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Let’s just say it was a very long hike up the mountain.

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We stopped to rest often.

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We really should have paid attention to the fact that the trail was marked strenuous.

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Although we made sure to find plenty of photo ops.

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Five and a half hours later, we finally reached the sign for the camping area.

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Unfortunately that arrow on the sign doesn’t actually point in the right direction. The trail is off to the right of the sign, so the girls took a break while TJ and I wandered the mountain looking for any sign of a camp.

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It turned out to be just over the ridge of lower peak, so we made the last march of day into the camping area and set up our tents.

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We started cooking dinner just as the sun was setting. No, we weren’t going to be able to watch sunset from the peak, but there were times throughout the day when we weren’t sure we were even going to make it as far as we had.

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As I set up my cameras to capture some stars, the brightest full moon I’ve ever seen rose into the sky. I thought it made the night look a bit unique, so I set up a timelapse anyway. Then, since the moon hadn’t been able to dissuade me, the clouds moved in as mother nature had a good laugh about the fact that I’d carried all that camera equipment for nothing.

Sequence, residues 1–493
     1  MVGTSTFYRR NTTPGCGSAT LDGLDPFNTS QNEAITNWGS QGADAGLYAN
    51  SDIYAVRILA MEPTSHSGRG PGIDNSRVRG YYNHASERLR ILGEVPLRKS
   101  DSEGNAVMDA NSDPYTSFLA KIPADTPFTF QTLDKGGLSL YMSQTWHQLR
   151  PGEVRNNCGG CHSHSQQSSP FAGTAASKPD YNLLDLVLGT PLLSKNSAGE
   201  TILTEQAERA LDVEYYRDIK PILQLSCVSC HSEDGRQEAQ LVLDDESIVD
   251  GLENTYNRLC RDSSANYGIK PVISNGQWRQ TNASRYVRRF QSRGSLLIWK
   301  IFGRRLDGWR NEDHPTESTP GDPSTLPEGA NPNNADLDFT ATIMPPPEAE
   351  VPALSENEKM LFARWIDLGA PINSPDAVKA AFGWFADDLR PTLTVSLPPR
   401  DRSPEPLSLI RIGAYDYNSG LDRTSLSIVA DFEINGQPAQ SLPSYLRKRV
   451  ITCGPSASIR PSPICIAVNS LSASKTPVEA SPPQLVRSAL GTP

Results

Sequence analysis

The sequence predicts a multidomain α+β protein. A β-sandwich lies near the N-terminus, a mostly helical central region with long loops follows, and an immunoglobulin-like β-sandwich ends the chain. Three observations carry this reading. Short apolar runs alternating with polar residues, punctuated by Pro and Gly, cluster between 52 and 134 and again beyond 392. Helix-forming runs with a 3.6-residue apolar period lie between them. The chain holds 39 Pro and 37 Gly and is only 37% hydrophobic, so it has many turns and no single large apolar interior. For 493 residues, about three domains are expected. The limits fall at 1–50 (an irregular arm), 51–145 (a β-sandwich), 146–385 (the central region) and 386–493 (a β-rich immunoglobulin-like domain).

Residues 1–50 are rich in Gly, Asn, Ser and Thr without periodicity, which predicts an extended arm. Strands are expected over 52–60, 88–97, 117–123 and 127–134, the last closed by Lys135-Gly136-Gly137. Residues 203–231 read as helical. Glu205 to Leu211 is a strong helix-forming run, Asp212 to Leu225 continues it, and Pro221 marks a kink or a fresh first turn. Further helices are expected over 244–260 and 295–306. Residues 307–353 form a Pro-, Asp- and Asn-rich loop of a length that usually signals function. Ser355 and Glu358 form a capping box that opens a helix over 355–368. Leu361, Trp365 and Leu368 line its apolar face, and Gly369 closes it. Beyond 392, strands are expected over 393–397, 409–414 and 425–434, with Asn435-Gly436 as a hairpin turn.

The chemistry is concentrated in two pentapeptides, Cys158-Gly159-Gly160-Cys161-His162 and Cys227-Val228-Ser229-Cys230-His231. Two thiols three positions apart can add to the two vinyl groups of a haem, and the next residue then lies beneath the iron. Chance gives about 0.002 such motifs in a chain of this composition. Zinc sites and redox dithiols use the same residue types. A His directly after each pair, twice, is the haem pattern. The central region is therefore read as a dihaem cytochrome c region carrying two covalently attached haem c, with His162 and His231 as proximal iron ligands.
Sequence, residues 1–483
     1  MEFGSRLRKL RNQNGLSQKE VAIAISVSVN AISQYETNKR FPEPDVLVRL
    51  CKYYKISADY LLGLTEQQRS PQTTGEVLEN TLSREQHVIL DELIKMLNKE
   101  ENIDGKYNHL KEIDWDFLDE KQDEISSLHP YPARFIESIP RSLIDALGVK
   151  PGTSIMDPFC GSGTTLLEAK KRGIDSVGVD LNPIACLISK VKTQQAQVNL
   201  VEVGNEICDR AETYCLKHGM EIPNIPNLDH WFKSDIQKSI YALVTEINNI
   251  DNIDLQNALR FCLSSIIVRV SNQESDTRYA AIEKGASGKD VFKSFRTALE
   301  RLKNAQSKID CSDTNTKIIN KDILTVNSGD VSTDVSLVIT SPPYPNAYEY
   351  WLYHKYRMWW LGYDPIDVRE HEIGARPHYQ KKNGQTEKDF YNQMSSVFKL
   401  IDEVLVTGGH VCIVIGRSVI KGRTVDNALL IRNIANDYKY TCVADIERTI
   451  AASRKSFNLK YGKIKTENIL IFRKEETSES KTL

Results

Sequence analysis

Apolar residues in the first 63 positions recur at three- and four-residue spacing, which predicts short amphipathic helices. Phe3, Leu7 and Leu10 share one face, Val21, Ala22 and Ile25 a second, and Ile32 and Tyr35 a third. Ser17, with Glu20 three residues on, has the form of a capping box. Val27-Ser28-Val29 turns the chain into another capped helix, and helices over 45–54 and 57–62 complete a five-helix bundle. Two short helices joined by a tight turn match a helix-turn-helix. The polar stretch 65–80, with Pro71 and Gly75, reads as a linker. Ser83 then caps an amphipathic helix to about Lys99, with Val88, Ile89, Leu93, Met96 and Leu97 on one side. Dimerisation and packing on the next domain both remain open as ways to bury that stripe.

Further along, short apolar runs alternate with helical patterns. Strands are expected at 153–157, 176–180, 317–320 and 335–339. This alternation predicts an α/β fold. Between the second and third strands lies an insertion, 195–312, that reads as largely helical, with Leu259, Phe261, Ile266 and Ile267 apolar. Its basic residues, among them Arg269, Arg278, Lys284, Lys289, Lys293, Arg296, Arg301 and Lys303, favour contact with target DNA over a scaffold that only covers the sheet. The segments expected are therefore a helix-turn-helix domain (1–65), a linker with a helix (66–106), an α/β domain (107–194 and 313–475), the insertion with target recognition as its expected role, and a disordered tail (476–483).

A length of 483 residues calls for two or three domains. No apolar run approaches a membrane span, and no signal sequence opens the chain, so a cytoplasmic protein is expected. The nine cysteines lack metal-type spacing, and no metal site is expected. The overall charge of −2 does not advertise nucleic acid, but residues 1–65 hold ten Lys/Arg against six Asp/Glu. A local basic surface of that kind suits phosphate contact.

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The weather in the desert makes massive shifts between day and night, so we all layered up to fight the cold. The dehydrated food never tasted so good. Our friends passed around a flask, and we all took a nip of Scotch before climbing into sleeping bags and quickly falling into a deep, black sleep.

Around 2 a.m. the wind had picked up to better than 25 miles per hour. It had been impossible to drive stakes into the hard ground where we were camping, so Mary sent me out with rope to tie the tent down to whatever rocks and trees were within reach. The moon loomed over me, lighting the work. I never even had to turn on the flashlight.

We slept through sunrise.